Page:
Seneca Village was a stable
community. Many people lived in the village for decades, raising
their children and going to church. There were three churches in
the community: the African Union Methodist Church, the African Methodist
Episcopal Zion Church Branch Militant, and All Angels' Church. There
were also cemeteries, a school, and, in 1853, plans to build a second
Union Methodist Church
The African Union Methodist
Church was the oldest church in Seneca Village, but very little
is known about it. In 1837, William Mathews, the deacon, purchased
land on 85th Street for himself and for the church. The congregation
was composed of African Americans, and Colored School #3 was located
in the church's basement.
Methodist Episcopal Zion Church Cemeteries
The first African
Methodist Episcopal Zion Church in New York City was chartered
(officially recognized) in 1801. A church was built at Church and
Leonard Streets, and burial vaults were built in the churchyard.
is a portrait of the Rev. Richard Allen, founder of the AME Zion
In 1807, the Common Council
(the city government), fearing that the burial sites--which by that
time was located in the very congested downtown area--contributed
to the rise in yellow fever epidemics and other diseases, ordered
AME Zion not to bury any more people in the graveyard. The trustees
of AME Zion asked for burial space elsewhere in the city. The Common
Council granted temporary space in the Potter's Field located in
the Parade Grounds of Washington Square. Once the church had exhausted
this burial space, it purchased land in Seneca Village for burials.
The AME Zion Church would eventually have at least two, and possibly
three, large burial sites in Seneca Village between 85th and 86th
The church buried New York
City African Americans in Seneca Village until 1852, when a law
prohibiting burials south of 86th Street was enacted. The AME Zion
Church then began to bury its dead in the Cypress Hills Cemetery
The sister church of the
AME Zion Church today is known as Mother AME Zion and is located
on 137th Street in Harlem, New York City. The church recently celebrated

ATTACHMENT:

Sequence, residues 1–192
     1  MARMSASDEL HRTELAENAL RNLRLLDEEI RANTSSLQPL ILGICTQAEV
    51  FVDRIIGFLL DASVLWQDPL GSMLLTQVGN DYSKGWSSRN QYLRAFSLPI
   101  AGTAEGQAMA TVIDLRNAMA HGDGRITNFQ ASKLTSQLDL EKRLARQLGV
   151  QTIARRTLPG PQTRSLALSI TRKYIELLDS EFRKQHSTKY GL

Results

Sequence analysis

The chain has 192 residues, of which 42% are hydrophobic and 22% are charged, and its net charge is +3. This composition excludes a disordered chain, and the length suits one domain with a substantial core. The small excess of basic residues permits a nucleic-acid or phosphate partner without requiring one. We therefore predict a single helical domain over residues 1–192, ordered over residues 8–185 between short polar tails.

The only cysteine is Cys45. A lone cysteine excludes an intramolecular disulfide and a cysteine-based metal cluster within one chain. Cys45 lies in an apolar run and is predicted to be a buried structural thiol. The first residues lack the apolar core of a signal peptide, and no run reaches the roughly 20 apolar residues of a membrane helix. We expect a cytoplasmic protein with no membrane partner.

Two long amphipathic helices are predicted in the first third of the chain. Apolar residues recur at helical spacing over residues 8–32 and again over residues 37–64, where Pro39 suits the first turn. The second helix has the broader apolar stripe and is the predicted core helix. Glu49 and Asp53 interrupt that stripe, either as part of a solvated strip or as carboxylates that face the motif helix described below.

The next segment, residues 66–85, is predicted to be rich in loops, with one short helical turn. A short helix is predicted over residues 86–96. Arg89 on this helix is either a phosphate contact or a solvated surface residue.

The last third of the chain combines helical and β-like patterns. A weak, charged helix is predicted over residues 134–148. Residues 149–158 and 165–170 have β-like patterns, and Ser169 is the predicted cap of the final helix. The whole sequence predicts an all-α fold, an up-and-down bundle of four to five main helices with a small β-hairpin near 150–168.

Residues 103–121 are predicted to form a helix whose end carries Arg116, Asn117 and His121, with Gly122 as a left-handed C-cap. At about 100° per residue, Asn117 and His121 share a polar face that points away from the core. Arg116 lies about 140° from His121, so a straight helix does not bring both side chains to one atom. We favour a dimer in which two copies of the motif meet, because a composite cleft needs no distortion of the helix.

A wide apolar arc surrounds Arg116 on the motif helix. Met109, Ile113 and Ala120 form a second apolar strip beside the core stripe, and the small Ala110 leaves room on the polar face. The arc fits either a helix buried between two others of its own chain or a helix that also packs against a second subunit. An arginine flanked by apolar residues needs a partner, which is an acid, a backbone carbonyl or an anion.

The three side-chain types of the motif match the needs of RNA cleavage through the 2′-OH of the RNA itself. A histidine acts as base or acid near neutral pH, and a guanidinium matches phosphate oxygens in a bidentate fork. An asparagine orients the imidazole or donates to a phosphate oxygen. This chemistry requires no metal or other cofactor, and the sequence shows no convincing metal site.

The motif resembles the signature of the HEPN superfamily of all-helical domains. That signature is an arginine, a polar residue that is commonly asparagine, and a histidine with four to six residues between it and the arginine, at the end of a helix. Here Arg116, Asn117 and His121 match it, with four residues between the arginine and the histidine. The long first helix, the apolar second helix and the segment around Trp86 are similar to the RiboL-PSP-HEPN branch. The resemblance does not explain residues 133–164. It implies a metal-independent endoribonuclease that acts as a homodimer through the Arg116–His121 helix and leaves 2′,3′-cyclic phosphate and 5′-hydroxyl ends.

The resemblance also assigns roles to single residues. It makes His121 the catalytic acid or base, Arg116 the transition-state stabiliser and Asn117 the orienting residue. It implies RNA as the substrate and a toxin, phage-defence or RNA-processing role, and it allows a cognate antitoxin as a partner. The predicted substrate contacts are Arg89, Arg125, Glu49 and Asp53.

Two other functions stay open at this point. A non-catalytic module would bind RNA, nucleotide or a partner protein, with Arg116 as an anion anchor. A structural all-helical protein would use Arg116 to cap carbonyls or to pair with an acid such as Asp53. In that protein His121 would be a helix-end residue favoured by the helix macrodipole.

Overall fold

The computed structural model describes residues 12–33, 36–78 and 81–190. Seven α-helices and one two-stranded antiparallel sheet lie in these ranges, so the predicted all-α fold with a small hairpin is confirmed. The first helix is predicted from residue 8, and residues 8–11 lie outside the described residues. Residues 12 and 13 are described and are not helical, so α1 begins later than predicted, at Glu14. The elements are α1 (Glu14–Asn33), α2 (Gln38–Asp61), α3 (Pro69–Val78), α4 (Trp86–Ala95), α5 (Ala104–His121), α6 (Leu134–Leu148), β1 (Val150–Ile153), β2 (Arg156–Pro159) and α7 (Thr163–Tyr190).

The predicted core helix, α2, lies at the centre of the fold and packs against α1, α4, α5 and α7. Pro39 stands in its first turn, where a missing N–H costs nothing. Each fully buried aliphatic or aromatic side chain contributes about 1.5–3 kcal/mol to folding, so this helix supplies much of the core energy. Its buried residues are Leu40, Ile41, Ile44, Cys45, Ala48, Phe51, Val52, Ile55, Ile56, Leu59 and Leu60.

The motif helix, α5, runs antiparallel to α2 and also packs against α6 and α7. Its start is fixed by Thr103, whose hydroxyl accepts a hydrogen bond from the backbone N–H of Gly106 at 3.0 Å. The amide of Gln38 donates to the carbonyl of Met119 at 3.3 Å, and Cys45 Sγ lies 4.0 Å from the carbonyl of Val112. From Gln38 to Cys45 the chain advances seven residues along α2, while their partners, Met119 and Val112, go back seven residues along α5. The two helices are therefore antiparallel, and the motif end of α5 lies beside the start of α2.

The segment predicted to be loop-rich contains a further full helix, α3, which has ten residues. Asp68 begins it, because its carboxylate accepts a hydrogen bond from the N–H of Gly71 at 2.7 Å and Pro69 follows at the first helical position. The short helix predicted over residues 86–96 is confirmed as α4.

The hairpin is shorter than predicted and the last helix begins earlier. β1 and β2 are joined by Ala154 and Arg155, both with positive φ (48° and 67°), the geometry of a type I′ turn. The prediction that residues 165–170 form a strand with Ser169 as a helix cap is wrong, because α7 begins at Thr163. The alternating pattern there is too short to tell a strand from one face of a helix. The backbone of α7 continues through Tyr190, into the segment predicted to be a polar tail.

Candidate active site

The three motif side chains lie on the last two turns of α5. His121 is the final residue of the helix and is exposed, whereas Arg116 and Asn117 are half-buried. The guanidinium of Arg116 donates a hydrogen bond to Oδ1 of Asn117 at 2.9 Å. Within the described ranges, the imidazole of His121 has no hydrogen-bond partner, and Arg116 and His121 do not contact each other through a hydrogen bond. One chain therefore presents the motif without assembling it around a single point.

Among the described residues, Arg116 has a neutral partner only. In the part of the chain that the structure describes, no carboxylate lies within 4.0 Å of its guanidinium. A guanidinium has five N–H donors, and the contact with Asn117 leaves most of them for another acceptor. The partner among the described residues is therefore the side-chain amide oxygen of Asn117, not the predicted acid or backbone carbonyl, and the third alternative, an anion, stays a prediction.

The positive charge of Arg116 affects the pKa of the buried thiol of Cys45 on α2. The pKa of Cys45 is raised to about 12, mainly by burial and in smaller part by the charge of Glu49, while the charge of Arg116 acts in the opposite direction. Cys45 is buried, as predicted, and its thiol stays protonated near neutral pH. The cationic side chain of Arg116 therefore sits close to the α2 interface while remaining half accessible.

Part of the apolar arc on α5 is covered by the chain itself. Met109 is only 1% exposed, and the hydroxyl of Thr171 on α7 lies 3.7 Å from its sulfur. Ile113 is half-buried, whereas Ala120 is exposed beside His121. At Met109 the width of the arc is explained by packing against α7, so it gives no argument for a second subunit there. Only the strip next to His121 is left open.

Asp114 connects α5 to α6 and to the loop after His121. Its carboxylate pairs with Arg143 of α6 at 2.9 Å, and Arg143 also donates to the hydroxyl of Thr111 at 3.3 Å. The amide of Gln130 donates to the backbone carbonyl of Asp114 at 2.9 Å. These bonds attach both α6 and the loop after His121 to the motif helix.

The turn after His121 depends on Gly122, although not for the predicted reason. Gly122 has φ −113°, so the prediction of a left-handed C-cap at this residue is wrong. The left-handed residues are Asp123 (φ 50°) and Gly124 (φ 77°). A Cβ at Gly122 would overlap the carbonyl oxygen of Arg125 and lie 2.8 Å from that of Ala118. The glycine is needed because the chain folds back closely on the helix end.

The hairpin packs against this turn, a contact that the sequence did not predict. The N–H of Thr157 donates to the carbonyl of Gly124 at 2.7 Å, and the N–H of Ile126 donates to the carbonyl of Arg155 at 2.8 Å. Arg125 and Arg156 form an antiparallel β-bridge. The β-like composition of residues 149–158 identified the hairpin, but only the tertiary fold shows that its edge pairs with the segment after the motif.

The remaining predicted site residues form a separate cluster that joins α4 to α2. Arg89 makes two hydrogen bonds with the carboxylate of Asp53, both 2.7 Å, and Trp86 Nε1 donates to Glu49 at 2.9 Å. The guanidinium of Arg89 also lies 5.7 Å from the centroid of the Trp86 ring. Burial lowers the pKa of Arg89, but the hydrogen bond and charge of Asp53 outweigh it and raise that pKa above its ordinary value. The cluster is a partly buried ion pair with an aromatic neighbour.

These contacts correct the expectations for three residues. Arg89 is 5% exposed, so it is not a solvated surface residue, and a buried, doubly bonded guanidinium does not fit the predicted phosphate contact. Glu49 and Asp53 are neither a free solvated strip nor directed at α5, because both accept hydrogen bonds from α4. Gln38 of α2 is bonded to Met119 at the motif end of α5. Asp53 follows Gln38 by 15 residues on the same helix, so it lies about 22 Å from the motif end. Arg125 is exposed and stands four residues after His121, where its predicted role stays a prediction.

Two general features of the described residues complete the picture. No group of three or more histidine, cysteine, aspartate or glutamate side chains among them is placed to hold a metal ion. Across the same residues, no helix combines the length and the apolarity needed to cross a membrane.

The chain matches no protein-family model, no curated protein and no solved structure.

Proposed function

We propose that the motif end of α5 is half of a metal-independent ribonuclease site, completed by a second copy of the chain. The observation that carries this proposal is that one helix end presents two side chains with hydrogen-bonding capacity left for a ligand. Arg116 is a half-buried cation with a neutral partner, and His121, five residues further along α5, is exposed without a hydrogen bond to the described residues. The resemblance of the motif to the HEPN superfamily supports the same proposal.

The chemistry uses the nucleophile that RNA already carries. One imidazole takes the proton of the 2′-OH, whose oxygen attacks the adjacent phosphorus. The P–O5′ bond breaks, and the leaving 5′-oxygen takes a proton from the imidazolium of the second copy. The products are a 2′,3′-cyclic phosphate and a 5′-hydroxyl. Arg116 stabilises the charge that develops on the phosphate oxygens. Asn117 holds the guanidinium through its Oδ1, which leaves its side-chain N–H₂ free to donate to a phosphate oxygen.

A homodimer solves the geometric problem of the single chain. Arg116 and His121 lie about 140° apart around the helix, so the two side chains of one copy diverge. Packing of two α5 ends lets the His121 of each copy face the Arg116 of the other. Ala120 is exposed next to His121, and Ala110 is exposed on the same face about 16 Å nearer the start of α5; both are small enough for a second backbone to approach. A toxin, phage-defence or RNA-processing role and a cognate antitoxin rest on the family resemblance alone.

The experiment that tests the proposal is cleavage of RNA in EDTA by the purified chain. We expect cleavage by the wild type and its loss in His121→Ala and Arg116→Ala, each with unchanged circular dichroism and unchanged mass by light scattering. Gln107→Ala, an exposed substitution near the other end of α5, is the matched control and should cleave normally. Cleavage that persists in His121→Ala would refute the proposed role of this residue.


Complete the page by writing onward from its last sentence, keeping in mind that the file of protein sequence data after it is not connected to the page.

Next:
its bicentennial (200th anniversary).
Methodist Episcopal Zion Church Branch Militant
Although church trustees
had lived in Seneca Village since it was founded and the church
had long buried its dead there, AME Zion did not build a church
in Seneca Village until 1853. The African Methodist Episcopal Zion
Church Branch Militant, a branch of the AME Zion Church, laid the
cornerstone for a new church August 4, 1853. The new church would
accommodate 100 congregants, and there were also plans for a school
in the basement.
newspapers announced the laying of the cornerstone.
The cornerstone was like
a time capsule, filled with items documenting the church's history.
It included a copy of the Tribune, a hymnal, a Bible, the
names of the trustees of the original AME Zion Church, and other
items. The church accommodated 100 African American congregants
in its weekly services. This church also had plans to build school
in the basement.
All Angels' Church began
as a missionary effort among the clergy of St. Michael's, an Episcopalian
church at Broadway and 99th Street, in 1846. In 1849, the rector,
Thomas McClure Peters, opened a wooden church built on village land
donated by four women. About one-third of the congregation was white
and mostly German; the rest were African American. All Angels' also
had a cemetery.
According to the parish
register, which recorded special events that took place in the church
(such as baptisms, weddings, and burials), a large number of people--especially
babies--were buried in 1848 and 1850. That was when a cholera epidemic
hit the city.
In response to the restrictions
on burials in Manhattan below 86th Street, All Angels' began to
bury its dead in the St. Michael's cemetery in Newtown, Long Island,
today known as Astoria, Queens.
All Angels built a new
church building in 1859.
Colored School #3 was housed
in the basement of the African Union Methodist Church. The school
was established to educate African American children from Seneca
Village. Catherine Thompson, 17 years old, was the teacher and lived
in the village. A description of the school appears in a appeal
for better schools for African Americans written by the New York
Society for the Promotion of Education Among Colored Children--an
African American organization that made a presentation to a special
commission appointed by the governor in 1857 to investigate the
city's schools: "c. School #3 for colored children, in Yorkville,
is an old building, is well attended, and deserves, in connection
with School house No. 4, in Harlem, a new building between the present